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S. Lius, R. Manshardt, D. Gonsalves, M. Fitch, J. Slightom, and J. Sanford

175 ORAL SESSION 51 (Abstr. 360-366) Rose and Tree Fruits (Citrus and Papaya): Breeding and Genetics

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Young-ju Kim and David H. Byrne

175 ORAL SESSION 51 (Abstr. 360-366) Rose and Tree Fruits (Citrus and Papaya): Breeding and Genetics

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Yan Ma and Junyu Chen

175 ORAL SESSION 51 (Abstr. 360-366) Rose and Tree Fruits (Citrus and Papaya): Breeding and Genetics

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Jaroslav Ďurkovič, František Kačík, Miroslava Mamoňová, Monika Kardošová, Roman Longauer, and Jana Krajňáková

-quality plant material identified by tree breeding programs. In addition to elm breeding strategies, in vitro propagation methods may significantly contribute to the efforts of tree improvement through existing germplasm conservation, in vitro selection, and

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Shuang Jiang, Haishan An, Xiaoqing Wang, Chunhui Shi, Jun Luo, and Yuanwen Teng

The genus Pyrus (pears) consists of important fruit trees, and ≈20 primary species are generally accepted by most taxonomists ( Challice and Westwood, 1973 ). Based on their geographic distribution, Pyrus species are divided into oriental and

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Renée S. Arias, Natascha Techen, Timothy A. Rinehart, Richard T. Olsen, Joseph H. Kirkbride Jr, and Brian E. Scheffler

, and cultivars for botanical characterization and ornamental tree breeding programs. Literature Cited Abajian, C. 1994 Sputnik Aug. 2010 < http://espressosoftware.com/sputnik/index.html >. Altschul, S.F. Gish, W. Miller, W. Myers, E.W. Lipman, D.J. 1990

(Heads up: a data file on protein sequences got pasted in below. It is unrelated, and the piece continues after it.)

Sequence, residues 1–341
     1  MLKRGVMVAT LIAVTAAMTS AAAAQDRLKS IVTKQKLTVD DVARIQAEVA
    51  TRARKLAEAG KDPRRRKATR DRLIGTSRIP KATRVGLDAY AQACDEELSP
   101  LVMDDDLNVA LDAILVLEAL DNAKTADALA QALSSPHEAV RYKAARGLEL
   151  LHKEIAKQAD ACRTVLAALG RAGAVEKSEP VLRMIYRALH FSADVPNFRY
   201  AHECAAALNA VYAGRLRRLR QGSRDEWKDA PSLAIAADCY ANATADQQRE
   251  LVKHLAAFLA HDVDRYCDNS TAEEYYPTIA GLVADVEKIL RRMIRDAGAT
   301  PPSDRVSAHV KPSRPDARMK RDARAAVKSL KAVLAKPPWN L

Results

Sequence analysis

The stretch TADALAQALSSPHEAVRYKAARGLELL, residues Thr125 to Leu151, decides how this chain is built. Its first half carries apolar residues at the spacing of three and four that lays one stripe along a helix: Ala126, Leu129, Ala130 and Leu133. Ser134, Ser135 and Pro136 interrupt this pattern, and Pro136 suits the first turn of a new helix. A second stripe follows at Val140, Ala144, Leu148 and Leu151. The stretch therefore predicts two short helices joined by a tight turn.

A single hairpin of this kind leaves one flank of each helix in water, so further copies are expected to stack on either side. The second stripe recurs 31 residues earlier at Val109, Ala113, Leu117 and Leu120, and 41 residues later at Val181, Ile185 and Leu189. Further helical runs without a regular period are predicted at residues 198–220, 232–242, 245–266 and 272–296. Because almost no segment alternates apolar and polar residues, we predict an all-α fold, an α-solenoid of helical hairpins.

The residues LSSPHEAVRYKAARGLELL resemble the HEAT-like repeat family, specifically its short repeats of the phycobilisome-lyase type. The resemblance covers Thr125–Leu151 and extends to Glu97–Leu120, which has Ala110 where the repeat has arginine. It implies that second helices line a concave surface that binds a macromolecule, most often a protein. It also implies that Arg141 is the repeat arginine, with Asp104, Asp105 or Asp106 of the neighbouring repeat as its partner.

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Qin Yang, Yan Fu, Yalan Liu, Tingting Zhang, Shu Peng, and Jie Deng

provide a theoretical reference for the pollination configuration of the cultivar, increased yield, improvements in internal and external fruit qualities, as well as in the genetics, physiology, and breeding science of fruit trees ( Denney, 1992 ; Liu

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Molly Felts, Renee T. Threlfall, and Margaret L. Worthington

, 2015 ). In the late 19th century, Arkansas had a significant industry growing and processing peaches to diversify farm operations. Thus, when the University of Arkansas Peach Breeding Program (Fruit Research Station, Clarksville, AR) began in the mid

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Ronald S. Revord, Sarah T. Lovell, John M. Capik, Shawn A. Mehlenbacher, and Thomas J. Molnar

as inoculum were collected from infected trees growing in Rutgers University field plots. Disease pressure was also provided by natural spread from adjacent breeding nurseries and experimental plots harboring hundreds of infected plants. In addition

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Ralph Scorza

The genetically available range in tree fruit architecture has not been fully utilized for tree fruit breeding or production. Higher planting densities, new training systems, high coats of pruning, the need to eliminate ladders in the orchard, and mechanized harvesting require a re-evaluation of tree architecture. Dwarf, semidwarf, columnar, and spur-type trees may be more efficient than standard tree forms, especially when combined with specific production systems. Studies of the growth of novel tree types and elucidation of the inheritance of growth habit components may allow breeders to combine canopy growth characteristics to produce trees tailored to evolving production systems.